Just after 1 AM I stand in the wet grass behind my aunt and uncle's suburban home south of Minneapolis. I'm scanning the sky for shooting stars. For five minutes, maybe more, I see nothing. The sky is hazy and almost purple. A bat swoops low and I duck.
Then, over my left shoulder, I see one. A flash of light. A pixel. I turn in that direction and stare hard. My neck hurts from looking up and I want to sit down but the lawn chairs are as wet as the grass and we leave tomorrow and my extra clothes are all packed and dirty besides. I stand and stare. I try to make my eyes wider, to take in more sky.
If I don't see a second one in a few minutes, I'll lie to my kids. I'll tell them I saw nothing. I'll let them think I did them a favor by letting them sleep. If I do see a second one, I may still lie to them. Two meteors in six minutes, seven minutes, eight minutes. Is it worth it to wake them? I'm thinking most of my oldest. She's thirteen now, a milestone that occurred a few weeks ago but I failed to announce to the Internet mostly because I didn't want to send eighteen thousand replies to your "Good luck!" tweets. If I woke up the rest of the family, I didn't know which thirteen-year-old I'd get. Maybe the one that fits just under my shoulder who looks up at the sky with sleepy patience. Maybe the one who comes outside just long enough to feel her first mosquito, then storms back in and stabs her sisters with eye daggers tomorrow when they don't shut up about how many shooting stars they saw. Or the one that comes outside and lies about how many meteors she sees because everything's a contest. There are so many of her now.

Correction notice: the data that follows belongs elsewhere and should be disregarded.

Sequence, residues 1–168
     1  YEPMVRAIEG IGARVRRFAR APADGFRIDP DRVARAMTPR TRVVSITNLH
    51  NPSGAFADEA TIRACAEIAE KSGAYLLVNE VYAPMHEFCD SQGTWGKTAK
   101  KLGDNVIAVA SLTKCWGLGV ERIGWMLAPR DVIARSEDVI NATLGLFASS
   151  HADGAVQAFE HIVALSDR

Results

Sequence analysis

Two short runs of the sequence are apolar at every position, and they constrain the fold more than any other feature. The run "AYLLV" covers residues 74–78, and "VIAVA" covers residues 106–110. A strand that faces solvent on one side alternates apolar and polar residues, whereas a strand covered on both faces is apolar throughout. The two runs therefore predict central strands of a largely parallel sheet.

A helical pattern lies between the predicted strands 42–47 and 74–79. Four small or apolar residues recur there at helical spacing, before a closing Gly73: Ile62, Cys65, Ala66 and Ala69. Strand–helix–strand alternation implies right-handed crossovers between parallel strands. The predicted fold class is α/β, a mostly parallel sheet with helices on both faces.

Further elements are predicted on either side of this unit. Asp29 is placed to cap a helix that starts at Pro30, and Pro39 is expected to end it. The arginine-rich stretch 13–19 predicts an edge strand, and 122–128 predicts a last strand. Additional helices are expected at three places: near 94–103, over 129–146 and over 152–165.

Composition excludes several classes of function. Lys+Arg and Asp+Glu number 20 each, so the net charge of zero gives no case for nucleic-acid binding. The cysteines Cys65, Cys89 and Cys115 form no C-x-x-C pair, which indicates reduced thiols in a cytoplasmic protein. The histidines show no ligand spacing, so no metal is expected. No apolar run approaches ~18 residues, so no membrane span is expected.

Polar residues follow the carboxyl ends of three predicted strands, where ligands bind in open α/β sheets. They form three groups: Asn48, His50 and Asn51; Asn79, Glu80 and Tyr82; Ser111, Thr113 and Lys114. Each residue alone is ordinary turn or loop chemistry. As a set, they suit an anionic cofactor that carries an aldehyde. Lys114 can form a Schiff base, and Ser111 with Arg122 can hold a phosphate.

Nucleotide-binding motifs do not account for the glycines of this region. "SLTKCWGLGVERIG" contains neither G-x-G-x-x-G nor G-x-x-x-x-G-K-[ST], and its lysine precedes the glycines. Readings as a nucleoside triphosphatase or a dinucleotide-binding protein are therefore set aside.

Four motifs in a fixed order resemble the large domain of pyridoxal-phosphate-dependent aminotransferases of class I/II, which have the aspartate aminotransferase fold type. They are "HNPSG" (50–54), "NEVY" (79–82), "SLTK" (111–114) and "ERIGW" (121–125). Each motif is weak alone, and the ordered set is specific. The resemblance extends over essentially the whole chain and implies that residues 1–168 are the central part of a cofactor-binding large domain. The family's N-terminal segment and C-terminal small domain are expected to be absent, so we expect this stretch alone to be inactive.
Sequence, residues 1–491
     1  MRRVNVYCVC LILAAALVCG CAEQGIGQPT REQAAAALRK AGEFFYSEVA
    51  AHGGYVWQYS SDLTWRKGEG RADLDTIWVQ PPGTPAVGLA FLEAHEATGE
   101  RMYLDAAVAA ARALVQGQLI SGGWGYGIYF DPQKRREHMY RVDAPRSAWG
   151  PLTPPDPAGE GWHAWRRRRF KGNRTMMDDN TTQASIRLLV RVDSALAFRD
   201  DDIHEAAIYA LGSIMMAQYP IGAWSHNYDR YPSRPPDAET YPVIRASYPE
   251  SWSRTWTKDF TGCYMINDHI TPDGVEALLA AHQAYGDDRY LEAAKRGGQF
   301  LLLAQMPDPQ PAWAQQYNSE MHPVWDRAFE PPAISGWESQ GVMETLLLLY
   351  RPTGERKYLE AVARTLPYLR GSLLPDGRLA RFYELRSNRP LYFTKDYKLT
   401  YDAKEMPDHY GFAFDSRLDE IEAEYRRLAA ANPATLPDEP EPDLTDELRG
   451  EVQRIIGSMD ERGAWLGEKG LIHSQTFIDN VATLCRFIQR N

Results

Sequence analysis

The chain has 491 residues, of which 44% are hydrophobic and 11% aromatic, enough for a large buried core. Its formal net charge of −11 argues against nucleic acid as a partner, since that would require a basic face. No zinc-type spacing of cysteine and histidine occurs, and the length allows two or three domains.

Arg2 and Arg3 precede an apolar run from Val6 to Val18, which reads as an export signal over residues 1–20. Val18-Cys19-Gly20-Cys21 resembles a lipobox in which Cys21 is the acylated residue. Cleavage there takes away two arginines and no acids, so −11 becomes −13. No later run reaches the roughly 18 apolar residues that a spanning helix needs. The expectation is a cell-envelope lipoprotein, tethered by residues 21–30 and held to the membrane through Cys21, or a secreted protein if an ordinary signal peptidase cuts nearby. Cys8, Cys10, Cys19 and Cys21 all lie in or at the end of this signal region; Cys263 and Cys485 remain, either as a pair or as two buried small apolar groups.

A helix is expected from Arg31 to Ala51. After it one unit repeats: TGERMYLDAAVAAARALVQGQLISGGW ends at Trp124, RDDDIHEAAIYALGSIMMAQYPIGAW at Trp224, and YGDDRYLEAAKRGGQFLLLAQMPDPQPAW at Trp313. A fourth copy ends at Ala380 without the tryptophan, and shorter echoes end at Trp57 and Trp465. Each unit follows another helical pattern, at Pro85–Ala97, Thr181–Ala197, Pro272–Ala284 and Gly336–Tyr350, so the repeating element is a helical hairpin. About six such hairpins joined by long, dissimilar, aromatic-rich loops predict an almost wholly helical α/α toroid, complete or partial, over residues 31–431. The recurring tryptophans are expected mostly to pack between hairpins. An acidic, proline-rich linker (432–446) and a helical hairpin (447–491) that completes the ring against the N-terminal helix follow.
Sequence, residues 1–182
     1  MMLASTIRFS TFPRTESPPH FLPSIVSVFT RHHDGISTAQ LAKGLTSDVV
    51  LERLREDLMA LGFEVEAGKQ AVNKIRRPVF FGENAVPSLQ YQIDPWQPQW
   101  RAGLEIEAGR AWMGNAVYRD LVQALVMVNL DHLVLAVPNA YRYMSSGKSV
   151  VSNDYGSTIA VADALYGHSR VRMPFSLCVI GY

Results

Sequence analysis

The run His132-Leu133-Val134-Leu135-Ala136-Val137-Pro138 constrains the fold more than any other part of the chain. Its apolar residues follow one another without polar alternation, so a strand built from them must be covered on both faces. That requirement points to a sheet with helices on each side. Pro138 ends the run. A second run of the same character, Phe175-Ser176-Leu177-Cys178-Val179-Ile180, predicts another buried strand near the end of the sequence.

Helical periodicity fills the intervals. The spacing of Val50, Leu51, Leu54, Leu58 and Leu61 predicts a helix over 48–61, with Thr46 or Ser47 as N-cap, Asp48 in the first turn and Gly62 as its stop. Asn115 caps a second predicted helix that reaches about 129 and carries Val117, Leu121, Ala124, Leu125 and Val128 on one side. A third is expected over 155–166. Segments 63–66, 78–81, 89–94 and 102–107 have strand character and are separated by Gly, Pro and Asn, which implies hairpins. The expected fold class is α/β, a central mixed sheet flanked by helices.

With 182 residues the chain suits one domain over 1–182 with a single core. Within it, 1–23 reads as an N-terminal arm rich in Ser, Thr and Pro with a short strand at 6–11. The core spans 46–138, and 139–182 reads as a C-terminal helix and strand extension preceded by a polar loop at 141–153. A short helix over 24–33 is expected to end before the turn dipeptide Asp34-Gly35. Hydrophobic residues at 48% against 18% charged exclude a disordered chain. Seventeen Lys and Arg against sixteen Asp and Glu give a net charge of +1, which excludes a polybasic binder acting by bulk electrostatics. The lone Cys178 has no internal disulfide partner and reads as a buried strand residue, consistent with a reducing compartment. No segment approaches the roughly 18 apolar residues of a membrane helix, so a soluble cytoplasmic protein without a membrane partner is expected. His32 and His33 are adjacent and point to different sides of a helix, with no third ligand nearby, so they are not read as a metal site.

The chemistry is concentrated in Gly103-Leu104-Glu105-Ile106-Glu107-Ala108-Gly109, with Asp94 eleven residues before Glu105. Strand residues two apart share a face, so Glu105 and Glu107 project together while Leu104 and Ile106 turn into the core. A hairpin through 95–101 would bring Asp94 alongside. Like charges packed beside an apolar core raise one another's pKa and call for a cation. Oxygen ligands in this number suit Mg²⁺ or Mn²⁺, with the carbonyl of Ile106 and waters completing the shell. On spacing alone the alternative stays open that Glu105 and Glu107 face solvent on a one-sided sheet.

I see a second meteor. I couldn't miss it. It crossed half the sky.
My kids have never seen a shooting star. We live twelve miles from Manhattan. Most nights, just seeing the moon is a cause for celebration. A little victory of nature over man.
I wake up the family.
We spread out two thick blankets on the wet grass. My parents are here vacationing with us, as well and the kids' great aunt. I wake them all up. We all lay down and stare.
The bat flies over again. "Batty!" calls the twin who doesn't give a damn that she sounds like she's four. She's closest to me and I roll over on the blanket to kiss her head. "I like batty!" she says again, a challenge to anyone to tell her to grow up. Nobody does.
Then a shooting star. My kids' first. And then their second. It's not what they expected. A quiet streak. Nothing like the movies. Blink and you miss it.
The thirteen-year-old doesn't blink. She pulls the edge of a blanket over her long, bare legs and doesn't blink.
Those two are the only ones we see. We say we'll stay outside until we see a third, but that third takes a long time to come, longer even once the Minnesota dew soaks through the blankets. I take my family inside and tuck them back into their vacation air mattresses strewn across their cousin's living room floor.
We've been here for two weeks. We leave tomorrow (today) to go back home, back to New Jersey. The Perseids are supposed to continue for one or two more days.
Maybe some will follow us back.